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1956: Soviet troops overrun Hungary

The Soviet air force has bombed part of the Hungarian capital, Budapest, and Russian troops have poured into the city in a massive dawn offensive.

At least 1,000 Soviet tanks are reported to have entered Budapest and troops deployed throughout the country are battling with Hungarian forces for strategic positions.

The Soviet invasion is a response to the national uprising led by Prime Minister Imre Nagy, who has promised the Hungarian people independence and political freedom.

Mr Nagy's anti-Soviet policies, which include withdrawal from the Warsaw Pact, have been worrying Eastern Bloc countries and Moscow has demanded his government's capitulation.

Appeal to the West

News of the attack came at 0515 local time on Radio Budapest in an urgent appeal by Mr Nagy himself for help from the West.

Despite an apparent withdrawal only last week, Soviet troops deployed outside Budapest swept back into the capital with Russian and Romanian reinforcements between 0400 and 0800 local time.

The Times newspaper reports that artillery units pounded Budapest from the surrounding hills as Soviet MIG fighters bombarded the capital from the air.

Sources say Soviet infantry units stormed the Parliament building, a key strategic and symbolic target, early this morning.

'Crushed'

Reports that Mr Nagy and other members of his cabinet were captured in the attack have not been confirmed.

But in an unscheduled newscast on Moscow radio shortly after 1200GMT, Russia claimed to have "crushed the forces of reactionary conspiracy against the Hungarian people".

Despite Moscow's claims, heavy fighting is reported to be continuing throughout the country for key installations such as railway stations and major bridges across the River Danube.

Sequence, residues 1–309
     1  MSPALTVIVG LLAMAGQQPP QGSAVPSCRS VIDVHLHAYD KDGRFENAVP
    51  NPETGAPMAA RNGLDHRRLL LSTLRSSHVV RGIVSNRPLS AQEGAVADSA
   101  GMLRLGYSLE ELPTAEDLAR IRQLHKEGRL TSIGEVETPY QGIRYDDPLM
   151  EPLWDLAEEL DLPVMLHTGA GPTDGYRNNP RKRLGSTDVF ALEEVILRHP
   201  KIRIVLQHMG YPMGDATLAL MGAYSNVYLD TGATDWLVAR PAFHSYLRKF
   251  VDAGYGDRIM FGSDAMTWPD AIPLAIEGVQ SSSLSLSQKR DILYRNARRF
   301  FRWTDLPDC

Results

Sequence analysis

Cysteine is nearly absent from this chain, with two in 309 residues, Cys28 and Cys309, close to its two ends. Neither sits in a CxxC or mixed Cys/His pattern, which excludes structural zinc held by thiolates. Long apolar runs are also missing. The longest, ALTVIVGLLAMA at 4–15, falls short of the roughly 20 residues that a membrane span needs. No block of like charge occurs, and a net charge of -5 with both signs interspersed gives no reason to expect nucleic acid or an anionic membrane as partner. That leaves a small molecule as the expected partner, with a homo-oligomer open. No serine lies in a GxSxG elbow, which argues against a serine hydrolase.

Moscow is now backing a new breakaway Hungarian government led by Janos Kadar, whose stated purpose is to destroy Mr Nagy's "counter-revolution".

In Context
The "de-stalinisation" process initiated by Soviet leader Nikita Khrushchev gave Soviet satellite countries like Poland and Hungary new hope of democratic freedom. This prompted mass anti-Soviet demonstrations in October 1956.

In Hungary the protests became a full-scale revolt. Ordinary Hungarians battled with Soviet troops and the hated state security police.

Thousands of political prisoners were freed and the Central Committee elected the popular Imre Nagy as prime minister. He began to dismantle the one-party state.

Encouraged by an apparent promise of help, Nagy appealed to the UN and Western governments for protection. But with the Suez crisis in full swing and no real appetite for fighting the USSR over a crisis in Eastern Europe, the West did not respond.

The Soviet military's response was swift and devastating. Some 30,000 people were killed in Budapest alone and about 200,000 Hungarians sought political asylum in the West.

Over the next five years, thousands were executed or imprisoned under Janos Kadar's puppet regime.

Nagy and others involved in the revolution were secretly tried and executed in June 1958.

Soviet troops finally withdrew from Hungary in 1991.


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